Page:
12. Analyzing 60,000 Supergranules to Determine their Subsurface Flow Profile

Contributed by Tom Duvall. Posted on April 29, 2014

T.L. Duvall Jr.1, S.M. Hanasoge2,3, S. Chakraborty4

1Solar Physics Laboratory, NASA Goddard Space Flight Center, Greenbelt, MD
2Tata Institute of Fundamental Research, Mumbai, India
3Max-Planck-Institut fur Sonnensystemforschung, 3, Gottingen, Germany
4HEPL, Stanford University, Stanford, USA

flowmodel_nuggetFigure 1|(a) The supergranular velocity vectors that best match observations are shown. Blue arrows represent the direction and amplitude of the flow. (b) The vertical flow amplitude vz is shown as a function of depth, z, for the position corresponding to the dashed red line location in panel (a). Note that the vertical flow peaks at –2.30 Mm with an upflow of 240 m s–1. (c) The horizontal flow amplitude vx is shown as a function of depth, z, for the position corresponding to turquoise line in panel (a). Note the peak horizontal flow amplitude is 700 m s–1 at z=–1.6 Mm and x=7 Mm.

Supergranulation, first seen as a 30 Mm cellular pattern of horizontal flows detected by Doppler shifts in the solar photosphere, continues to puzzle investigators. Recent work attempts to understand supergranulation by revealing its subsurface structure using local helioseismology [1].

Detailed radiative-hydrodynamic simulations of the outer convection zone and atmosphere show no excess flow signal at the supergranular scale in the photosphere, in contrast to the observational results [2]. These simulations, which match the observations of the solar granulation so well, would seem to have all of the ingredients required to reproduce supergranulation, but do not. In particular, that the He II ionization could give rise to supergranulation, is tested by the simulations with a null result. One possibility remaining to be tested is the simulation of magnetic field, which is known to be present along cell boundaries.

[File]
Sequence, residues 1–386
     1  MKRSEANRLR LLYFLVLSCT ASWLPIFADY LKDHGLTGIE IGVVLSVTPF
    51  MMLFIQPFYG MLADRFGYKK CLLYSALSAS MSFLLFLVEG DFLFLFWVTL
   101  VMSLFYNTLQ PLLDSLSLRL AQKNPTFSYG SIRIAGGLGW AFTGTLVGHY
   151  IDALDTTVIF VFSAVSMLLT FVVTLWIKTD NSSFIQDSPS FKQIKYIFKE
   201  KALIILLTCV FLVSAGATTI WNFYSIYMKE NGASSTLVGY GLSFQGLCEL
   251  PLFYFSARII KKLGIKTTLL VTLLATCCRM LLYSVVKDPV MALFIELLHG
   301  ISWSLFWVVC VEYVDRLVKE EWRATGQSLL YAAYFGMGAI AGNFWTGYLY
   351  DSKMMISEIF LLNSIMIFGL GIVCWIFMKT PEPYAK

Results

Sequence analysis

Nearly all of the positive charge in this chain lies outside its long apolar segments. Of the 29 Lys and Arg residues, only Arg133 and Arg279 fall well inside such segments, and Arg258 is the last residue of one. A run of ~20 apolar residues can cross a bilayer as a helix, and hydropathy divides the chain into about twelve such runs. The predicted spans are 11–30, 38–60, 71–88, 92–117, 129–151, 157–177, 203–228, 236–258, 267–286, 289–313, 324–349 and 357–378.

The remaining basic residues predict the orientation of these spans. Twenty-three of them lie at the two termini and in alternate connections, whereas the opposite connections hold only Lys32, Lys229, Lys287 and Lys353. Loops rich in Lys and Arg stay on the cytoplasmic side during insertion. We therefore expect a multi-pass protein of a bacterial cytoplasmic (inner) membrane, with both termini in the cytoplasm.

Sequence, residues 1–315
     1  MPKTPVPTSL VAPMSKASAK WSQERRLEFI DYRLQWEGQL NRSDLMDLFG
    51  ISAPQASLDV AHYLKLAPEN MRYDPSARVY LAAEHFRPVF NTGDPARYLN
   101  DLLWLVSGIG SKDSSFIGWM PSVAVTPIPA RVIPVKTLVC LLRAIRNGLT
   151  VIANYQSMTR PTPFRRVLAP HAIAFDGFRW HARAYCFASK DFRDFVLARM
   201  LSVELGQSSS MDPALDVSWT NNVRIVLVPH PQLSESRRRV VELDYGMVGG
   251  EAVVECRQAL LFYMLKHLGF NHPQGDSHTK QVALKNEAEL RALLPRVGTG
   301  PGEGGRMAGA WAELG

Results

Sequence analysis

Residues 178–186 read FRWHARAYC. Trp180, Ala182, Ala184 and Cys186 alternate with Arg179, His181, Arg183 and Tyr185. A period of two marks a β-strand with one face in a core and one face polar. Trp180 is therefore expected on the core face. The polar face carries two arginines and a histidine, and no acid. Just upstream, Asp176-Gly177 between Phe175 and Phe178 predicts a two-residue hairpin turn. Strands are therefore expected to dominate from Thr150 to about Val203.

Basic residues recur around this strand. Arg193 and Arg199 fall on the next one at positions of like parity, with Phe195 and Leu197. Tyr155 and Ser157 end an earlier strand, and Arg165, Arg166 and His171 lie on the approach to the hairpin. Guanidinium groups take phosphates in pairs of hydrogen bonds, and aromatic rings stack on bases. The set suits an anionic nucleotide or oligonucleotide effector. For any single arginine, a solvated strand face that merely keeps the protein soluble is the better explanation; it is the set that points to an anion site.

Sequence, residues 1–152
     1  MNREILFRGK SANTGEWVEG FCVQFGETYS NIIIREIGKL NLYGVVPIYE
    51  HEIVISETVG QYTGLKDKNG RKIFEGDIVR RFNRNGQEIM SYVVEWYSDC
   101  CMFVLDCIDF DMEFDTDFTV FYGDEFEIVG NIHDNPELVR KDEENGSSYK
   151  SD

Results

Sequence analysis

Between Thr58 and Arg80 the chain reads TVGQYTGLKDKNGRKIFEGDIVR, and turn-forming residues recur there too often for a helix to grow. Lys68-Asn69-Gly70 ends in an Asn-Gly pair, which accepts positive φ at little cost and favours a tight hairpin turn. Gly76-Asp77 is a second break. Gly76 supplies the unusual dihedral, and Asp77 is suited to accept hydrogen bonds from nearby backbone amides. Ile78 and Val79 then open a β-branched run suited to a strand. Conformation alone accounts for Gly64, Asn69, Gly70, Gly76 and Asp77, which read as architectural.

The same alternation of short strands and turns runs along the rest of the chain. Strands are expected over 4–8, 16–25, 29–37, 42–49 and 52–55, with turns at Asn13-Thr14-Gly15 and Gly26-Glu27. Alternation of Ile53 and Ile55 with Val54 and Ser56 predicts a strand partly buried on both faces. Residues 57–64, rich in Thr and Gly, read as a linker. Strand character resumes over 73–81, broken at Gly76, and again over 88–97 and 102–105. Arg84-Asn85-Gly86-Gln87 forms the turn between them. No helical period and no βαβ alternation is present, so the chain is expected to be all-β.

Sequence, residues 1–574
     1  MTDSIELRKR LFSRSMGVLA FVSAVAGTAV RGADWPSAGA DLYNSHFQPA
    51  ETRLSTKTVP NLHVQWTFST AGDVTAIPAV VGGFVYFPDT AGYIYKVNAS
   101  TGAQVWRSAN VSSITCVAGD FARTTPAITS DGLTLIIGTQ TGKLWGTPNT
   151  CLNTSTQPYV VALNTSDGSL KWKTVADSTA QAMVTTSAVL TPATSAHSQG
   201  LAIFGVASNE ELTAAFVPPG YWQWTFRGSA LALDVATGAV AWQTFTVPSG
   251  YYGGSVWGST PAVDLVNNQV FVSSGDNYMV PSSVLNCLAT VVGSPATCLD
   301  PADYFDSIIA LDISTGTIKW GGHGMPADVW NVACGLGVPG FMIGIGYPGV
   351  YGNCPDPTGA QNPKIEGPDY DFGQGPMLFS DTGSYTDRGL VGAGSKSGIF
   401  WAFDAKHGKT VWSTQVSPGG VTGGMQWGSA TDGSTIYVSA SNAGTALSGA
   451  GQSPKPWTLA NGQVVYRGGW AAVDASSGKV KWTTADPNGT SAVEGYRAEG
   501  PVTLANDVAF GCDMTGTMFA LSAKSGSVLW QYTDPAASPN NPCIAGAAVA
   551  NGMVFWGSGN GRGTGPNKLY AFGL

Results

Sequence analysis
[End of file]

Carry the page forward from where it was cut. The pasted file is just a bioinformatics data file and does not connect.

We analyze 60,000 supergranules using HMI data from 64 12–hour intervals (10 June 2010–10 July 2010). This work is a continuation of a previous supergranule study [3] using HMI data and simulations. However, our methods are improved and the supergranular flow profiles that are recovered have less uncertainty. Cross-correlation maps were constructed for each 12–hour period for the in and out-annulus signals and for the four quadrant signals (quadrants are eastward, westward, northward and southward wave direction) for 16 distance ranges. Travel times were computed for each set of cross correlations and differences. An average of the travel-time differences is made about the supergranular center. Features at different latitudes are treated equally due to using a Postel’s coordinate system centered on the feature. The details of the analysis can be found in [4].

A convectively stabilized solar model is employed with a vertical-flow features with flow peaking at a depth of –2.3 Mm with a vertical Gaussian depth profile with a width of 0.82 Mm and horizontal Gaussian width of 5.1 Mm. This is a forward model with prescribed flows in order to test the reliability of our analysis procedures to recover flows. A global simulation of wave propagation is performed with wave sources near the surface. Center to annulus travel-time differences were measured from the simulations results as a function of the annulus radius.

Our results support the conclusions from the previous paper[3] that supergranules have an upflow velocity much larger than the surface upflow of 10 m s–1, possibly as large as 240 m s–1 and a peak flow 2–3 Mm below the surface as seen in Fig 1. The disagreement between the present work and the smaller flows reported previously has somewhat disappeared with the work of Svanda5. He used f-modes and small separation p-modes and finds flows similar to ours.

The question remains: What sets the supergranularsize-scale in the Sun? And why aren’t the radiative-hydrodynamic simulations able to reproduce a similar feature?


[1] Gizon, L., Birch, A.C., Spruit, H.C., 2010, Ann. Rev. Astron. Astrophys., 48, 289.
[2] Nordlund, A., Stein, R.F., Asplund, M., 2009, Living Rev. Solar Phys., 6, 2.
[3] Duvall Jr., T.L., Hanasoge, 2013, Solar Phys, 287, 71.
[4] Duvall Jr., T.L., Hanasoge, S.M, Chakraborty, S., 2014, Solar Phys., see: http://arxiv.org/abs/1404.2533
[5] Svanda, M., 2012, Astrophys. J., 759, L29.

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